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WARNING. This article contains spoilers of the highest order.  The hunt for “H” is finally over. Yes, after a four-year wait, we now know that DSU Ian Buckells was Line Of Duty’s mystery baddie all along. The bent copper, who had been helping to lead a clandestine network of corrupt police officers in league with organised crime, was unmasked during Sunday night’s blockbuster series finale.Many other long-running storylines also wrapped up during the episode, as Gail Vella’s killer was confirmed and Superintendent Ted Hastings revealed the true story behind Lee Banks, John Corbett and the £50k sum of money.If your head is still spinning trying to take all the information in, here’s a full recap... The first big development of the episode saw DI Steve Arnott finally attend a medical appointment where he revealed the truth about his reliance on painkillers, and was asked to surrender his firearms licence, before telling Hastings about what had been going on.  After this came the revelation that a lockbox had been found beneath the OCG’s gun workshop floor.Inside it was the workshopped pistol used to kill Gail Vella, as well as clothes and gloves belonging to the shooter, which DNA testing proved was Carl Banks. Also in the box were the knives that killed PC Maneet Bindra and undercover officer John Corbett, both of which had Ryan Pilkington’s prints on. The knife the OCG used to kill Jackie Laverty in series one was also recovered, with DCI Tony Gates’ prints on it – although we already knew the OCG planted his prints on the weapon so they could use it as leverage to coerce him into working with them. While questioning if there was any evidence that related to Marcus Thurwell or Ian Buckells, Arnott also mentioned Chief Constable Philip Osborne’s name, much to the shock of DS Chris Lomax…Back at AC-12, it was discovered that Marcus Thurwell was indeed dead – despite the fan theories – as the bodies of him and his wife were formally identified, having been strangled to death at their Spanish villa a number of weeks earlier. At the property, police found devices that had made contact with DCI Jo Davidson and OCG member Lisa McQueen. However, it turned out that the communication actually originated in the UK and was routed via Spain so that the IP would be a decoy, and Thurwell used as a stooge.Specialist Technician Amanda Yao then arrived with news of a recent message that had just been intercepted, with the sender saying Jo Davidson was “definately” high risk. The misspelling spiked AC-12’s suspicions as it matched the way “the fourth man” had spelled “definitely” when in contact with Lisa McQueen in series five. As a result, DC Chloe Bishop was asked to go through all the Operation Lighthouse and Lawrence Christopher files to see if there were any reports filed by officers that contained the same misspelling. As Hastings, Fleming and Arnott rushed to Blackthorn Prison to try and get Davidson to safety, they discovered a production order had been issued calling for Davidson to attend an interview at Hillside Lane station, which had supposedly been co-signed by DS Chris Lomax and DI Fleming. Realising it had been forged, they rushed to find the convoy Davidson had been taken on with corrupt prison officers. After managing to intercept it, Arnott and Fleming planted themselves in the van, and continued with the route, where they were ambushed by OCG who were ready to kill Davidson. However, the balaclava-clad men were quickly apprehended and the corrupt prison officers arrested.  With Davidson having been taken to safety, she was interviewed by Fleming and Arnott who offered her witness protection if she were to give up the “fourth man”. Davidson then said former OCG boss Tommy Hunter (who was both her uncle and her father) had told her that her father was a bent police officer, who she was made to fear and take orders from. This man was revealed to be former officer and known peadophile Patrick Fairbank, who is serving time for his involvement in the Sands View Boys Home scandal. However, after a search of his prison cell found nothing, it became clear that Hunter had manipulated Davidson into thinking Fairbank was also the fourth man as well as her father, which he was not. Back at AC-12, Bishop’s review of misspellings the Vella and Christopher files has revealed their real identity, much to the shock of Hastings, Fleming and Arnott. As Hastings went to tell DCS Patricia Carmichael of their breakthrough, Fleming and Arnott warned him against widely publicising their findings, as their own professional conduct would come under scrutiny. It was at this point the pair revealed they knew about Hastings blowing Corbett’s cover and subsequently paying his widow money. Confessing his involvement in the events leading up to Corbett’s death, Hastings maintained that he did not disclose Corbett’s identity to Lee Banks during his visit to Blackthorn Prison in series five, instead telling him that there “was an informant in the OCG” and “no more than that”. This was consistent with Banks’ account that he gave to Arnott. Hastings claimed he wanted to send a warning to Corbett, so that when he found out the OCG knew about a rat he would go to ground. Admitting he knew there was risk to Corbett’s life, Hastings added that he believed Corbett “had to coming to him in spades” as he’d been involved in the death of four officers – including PC Bindra – and had also violently attacked his wife. Hastings said that what he didn’t know at this point was that he was the son of woman he “cared deeply about many years ago” – this woman being Anne Marie McGillis, a CHIS who Hastings got close to when he worked in the Royal Ulster Constabulary. He called his actions “his biggest regret”.As for the money, Hastings said he was originally tricked into accepting it (by corrupt former officer Mark Moffatt who was part of the conspiracy to set Hastings up as “H” with Gill Biggeloe in series five), and was blocked from returning it, but it was found before he could hand it in as evidence. He explained he split the £100k into two halves as he realised it was a bribe that could turn nasty, intending to use it as insurance against the OCG if they came looking.With one half of the £50k never found, he then gifted this to Steph Corbett following John’s death by way of atonement, although she remains in the dark about the real version of events that led to her husband’s death. During this conversation, Hastings also revealed Steph had told him about Arnott’s painkiller addiction and that he’d seen to it that Arnott didn’t face disciplinary action.Finally, in what was possibly the longest, most tense reveal in Line Of Duty, the fourth man was finally unmasked. After walking through AC-12 HQ and sitting down at the desk, the camera panned up to reveal DSU Ian Buckells sitting opposite Hastings, Fleming and Arnott. He faced intense questioning about his double life, but various pieces of evidence were produced to confirm he was the final officer leading the clandestine network of corrupt officers in collusion with organised crime. Buckells had proved to be grossly incompetent at his job over the years, but it was this that meant his corruption was never spotted – in fact, he was so convincing that Davidson was even trying to frame him, whilst not realising he was the one actually in charge. “Yeah right, I’m a blundering fool? I’m the one who’s made total mugs out of you lot,” he told AC-12. Buckells then tried to go for immunity by agreeing to co-operate, quoting Osborne and saying that “institutionalised corruption doesn’t officially exist” in Central Police and therefore AC-12 wouldn’t be able to make the charges stick. He revealed that prior to his death, Hunter was always the top man of the OCG, but it then split into disparate groups, with Thurwell and Fairbank initially overseeing control of the network of bent officers, before DI Matthew “Dot” Cotton and ACC Derek Hilton became the top dogs.After their deaths, Buckells was the only one left still serving in the police. He claimed to just take orders from the OCGs, and they kept asking him to sort bigger and bigger affairs, like the Eastfield depot raid in series five. AC-12 put it to him that the OCG didn’t actually order Vella’s murder as they had no real reason to. The only connection they had to her on their side was through Hunter – who is long dead – and his son Darren (who was one of the gang who attacked Lawrence Christopher), who Fleming noted was a “nobody” to the OCG. However, two police officers now involved in the original Christopher investigation were now high-ranking – Buckells and Osborne – meaning they had the most motive to want her dead, as she was beginning to establish links that proved institutionalised corruption in the force.  Buckells was then asked if he colluded with Osborne to have Vella killed, and while he didn’t reply, he was screwed either way – if he declined to help with the investigation, he would be ineligible for witness protection, and by confessing conspiracy to murder, he would then be ineligible for immunity from prosecution. Having wrapped by far their biggest case ever, Fleming and Arnott headed to the pub to celebrate, where Fleming revealed she would accept Hastings’ offer of a job back with AC-12 should he remain as the gaffer. Arnott opened up to his “mate” about his painkiller addiction and revealed he wanted to keep seeing Steph Corbett romantically, but felt torn.Fleming was then seen visiting the department’s medical officer for an unspecified reason. Back at AC-12, Arnott and Fleming revealed to DCS Patricia Carmichael that they were now intending to go after Darren Hunter for his part in Lawrence Christopher’s death in order to get a conviction.Arnott suggested launching an investigation into whether other members of Marcus Thurwell’s team might have been involved in the cover-up of the Lawrence Christopher case, given many of them are still serving officers. Carmichael informed him that such cases “aren’t a priority”. Like Osborne, she refused to entertain the idea there is a problem of institutionalised corruption in the force – something the Chief Constable reiterated in a press conference about finding Gail Vella’s killer, much to Hastings’ disgust. Hastings revealed he would be appealing the decision to push him into early retirement, but as he went to leave the building, he returned to Carmichael’s office and confessed his role in Corbett’s death. “What do you expect me to do with that information?” she asked. “That’s entirely up to you, ma’am,” he replied. “But whatever you do, you do because you care about truth and accountability. You do it because you carry the fire.”A pre-credits sequence then revealed all proceedings against Terry Boyle in Gail Vella’s murder had been dropped and he had been rehoused, while Jo Davidson was granted witness protection and was living with a new parter in an undisclosed location. Darren Hunter was also discovered to be under investigation for Christopher’s murder, while PS Farida Jatri was freed from prison and returned to the police force.  Plans to slimline anti-corruption were also ploughing ahead, with DCS Carmichael remaining in charge of AC-12.“Close colleagues” of the Chief Constable had been appointed to other senior positions in anti-corruption, with AC-12’s powers to curb wrongdoing in public office never weaker, which suggests he is suppressing information.Meanwhile, Central Police submitted an application for public-interest immunity in legal proceedings against Buckells, which means that if it is successful, no evidence about institutionalised corruption would be heard in court. This suggests they don’t want him to face justice as it could expose something much larger...With the photos of Jo Davidson, John Corbett, Roz Huntley, Danny Waldron, Lindsay Denton and Tony Gates packed up into a box at the end of the episode, things looked pretty final for AC-12, leading to questions about whether there will be another series of Line Of Duty.However, there were a lot of loose ends – specifically around Carmichael, Osborne and even Lomax – and the suggestion that there’s a lot more to the Lawrence Christopher case yet to be discovered. All six series of Line Of Duty are available to stream on BBC iPlayer.READ MORE:The 7 Loose Ends The Line Of Duty Finale 'Definitely' Did Not Tie UpWho Is DSU Ian Buckells? The Line Of Duty Character You Need To Know About After Episode 3Martin Compston Hints Line Of Duty Might Not Return After Current Series Finale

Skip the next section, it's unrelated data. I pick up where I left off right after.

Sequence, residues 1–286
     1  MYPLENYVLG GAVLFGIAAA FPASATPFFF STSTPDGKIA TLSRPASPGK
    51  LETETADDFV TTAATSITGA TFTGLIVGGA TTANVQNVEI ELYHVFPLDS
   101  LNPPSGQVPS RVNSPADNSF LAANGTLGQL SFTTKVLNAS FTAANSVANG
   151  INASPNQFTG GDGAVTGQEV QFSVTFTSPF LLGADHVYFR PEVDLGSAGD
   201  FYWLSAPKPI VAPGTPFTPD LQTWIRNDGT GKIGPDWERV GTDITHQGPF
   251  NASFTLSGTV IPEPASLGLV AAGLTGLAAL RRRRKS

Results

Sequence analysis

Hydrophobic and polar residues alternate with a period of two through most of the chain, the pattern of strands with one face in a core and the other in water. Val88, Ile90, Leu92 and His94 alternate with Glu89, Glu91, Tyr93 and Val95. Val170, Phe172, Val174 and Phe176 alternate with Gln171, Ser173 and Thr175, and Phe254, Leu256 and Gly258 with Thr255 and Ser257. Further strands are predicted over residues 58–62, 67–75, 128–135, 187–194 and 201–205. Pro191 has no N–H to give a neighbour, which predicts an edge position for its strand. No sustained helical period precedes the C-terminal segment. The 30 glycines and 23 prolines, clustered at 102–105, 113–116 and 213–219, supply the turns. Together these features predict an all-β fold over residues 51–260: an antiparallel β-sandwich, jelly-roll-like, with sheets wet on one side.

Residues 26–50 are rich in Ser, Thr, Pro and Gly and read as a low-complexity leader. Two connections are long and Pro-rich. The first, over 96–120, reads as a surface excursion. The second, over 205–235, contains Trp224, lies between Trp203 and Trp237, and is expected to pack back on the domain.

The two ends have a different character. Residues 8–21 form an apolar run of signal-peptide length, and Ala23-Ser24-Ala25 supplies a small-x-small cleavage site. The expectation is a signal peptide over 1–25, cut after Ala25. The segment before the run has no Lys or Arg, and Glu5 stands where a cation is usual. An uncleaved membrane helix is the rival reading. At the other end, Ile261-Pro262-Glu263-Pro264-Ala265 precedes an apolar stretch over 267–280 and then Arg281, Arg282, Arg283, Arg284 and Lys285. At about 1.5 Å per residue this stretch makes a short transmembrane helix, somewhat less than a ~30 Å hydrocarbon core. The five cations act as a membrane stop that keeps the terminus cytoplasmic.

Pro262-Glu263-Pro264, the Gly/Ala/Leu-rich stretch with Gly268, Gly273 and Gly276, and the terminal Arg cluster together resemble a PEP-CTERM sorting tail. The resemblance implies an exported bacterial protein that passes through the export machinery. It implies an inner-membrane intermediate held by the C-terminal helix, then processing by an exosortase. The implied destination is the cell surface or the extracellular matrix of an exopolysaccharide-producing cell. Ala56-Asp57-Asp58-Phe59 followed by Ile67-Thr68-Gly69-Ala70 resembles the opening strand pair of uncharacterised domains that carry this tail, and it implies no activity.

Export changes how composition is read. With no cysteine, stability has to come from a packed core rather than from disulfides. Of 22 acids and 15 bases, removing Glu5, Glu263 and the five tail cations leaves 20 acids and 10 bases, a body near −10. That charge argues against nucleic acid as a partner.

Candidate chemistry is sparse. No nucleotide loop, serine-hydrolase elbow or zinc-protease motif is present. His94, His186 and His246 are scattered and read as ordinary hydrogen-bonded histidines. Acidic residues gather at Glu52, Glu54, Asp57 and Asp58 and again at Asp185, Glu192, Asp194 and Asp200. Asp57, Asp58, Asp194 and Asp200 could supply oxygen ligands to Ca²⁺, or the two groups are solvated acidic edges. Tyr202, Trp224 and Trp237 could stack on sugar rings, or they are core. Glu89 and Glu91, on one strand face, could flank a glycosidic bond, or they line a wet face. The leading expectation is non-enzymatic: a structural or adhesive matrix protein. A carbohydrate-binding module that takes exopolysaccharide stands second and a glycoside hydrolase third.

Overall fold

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Boris Johnson should resign if he broke ministerial rules over his Downing Street flat, the Scottish Tory leader has said. The intervention by Douglas Ross came as the the prime minister continued to face questions over whether a Tory donor originally loaned him money to redecorate his official residence. Pressed on whether Johnson should resign if he breached the ministerial code over the so-called “cash for curtains” scandal, Ross said: “Of course.“I think people expect the highest standards of those in the highest office of the land and that’s why people are looking at the investigations that are ongoing and waiting for the answers to be heard.” The prime minister receives an annual public grant of £30,000 to spend on his living quarters, but it has been claimed the final bill for the lavish revamp reached £200,000. Johnson has maintained he “met the cost” of the refurbishment personally, but the Electoral Commission has launched an investigation into whether the PM broke electoral law and £58,000 was loaned. Shadow foreign secretary Lisa Nandy said it was clear Johnson was “withholding information” from the public.She told Sky’s Sophy Ridge on Sunday: “It’s appalling we are in a position where he won’t come clean about who loaned him money or gave him money, and what favours or promises may have been given in return.“We already know that this is a prime minister who frankly thinks that the rules don’t apply to him and his friends. He is quite happy for his cabinet ministers to break the ministerial code and then not resign, he is quite happy for his advisers to drive around the country with Covid in the middle of lockdown and not resign.The PM lives at Number 11 Downing Street with his partner Carrie Symonds and their baby son Wilfred. There were also fresh claims on Sunday that Johnson asked Tory donors fo fund childcare. Foreign secretary Dominic Raab said he has “no idea” if this were true and dismissed the allegation as “tittle tattle”.He told Sky’s Sophy Ridge on Sunday: “I have no idea, you don’t have conversations like that with the PM. I can’t comment on every little bit of gossip that’s in the newspapers.“The last thing you asked me about, I think, is an example of tittle tattle.”Asked if there was a second invoice for refurbishments of the PM’s Downing Street flat settled directly with a supplier, he said: “As the prime minister has set out this week, he covered the cost himself, he’s followed all the relevant codes of conduct at all relevant times, he took official advice all along the way.“There are three reviews now, I think, into this and I think the right thing for me to do is not add political commentary that could otherwise prejudice those reviews, but to respect the integrity of them, so I’m not going to offer you, I’m afraid, any more commentary, or if you like chatter, on the various different reports and speculation that I see in the Sunday papers.”Related...Why Boris Johnson’s Alleged Sleaze Matters Even If The Polls Don’t Move YetShould Boris Johnson Worry About The Departure Of NHS Chief Simon Stevens?Watchdog Must Carry Out Boris Johnson Flat Probe ‘Quickly’, Senior Tory Says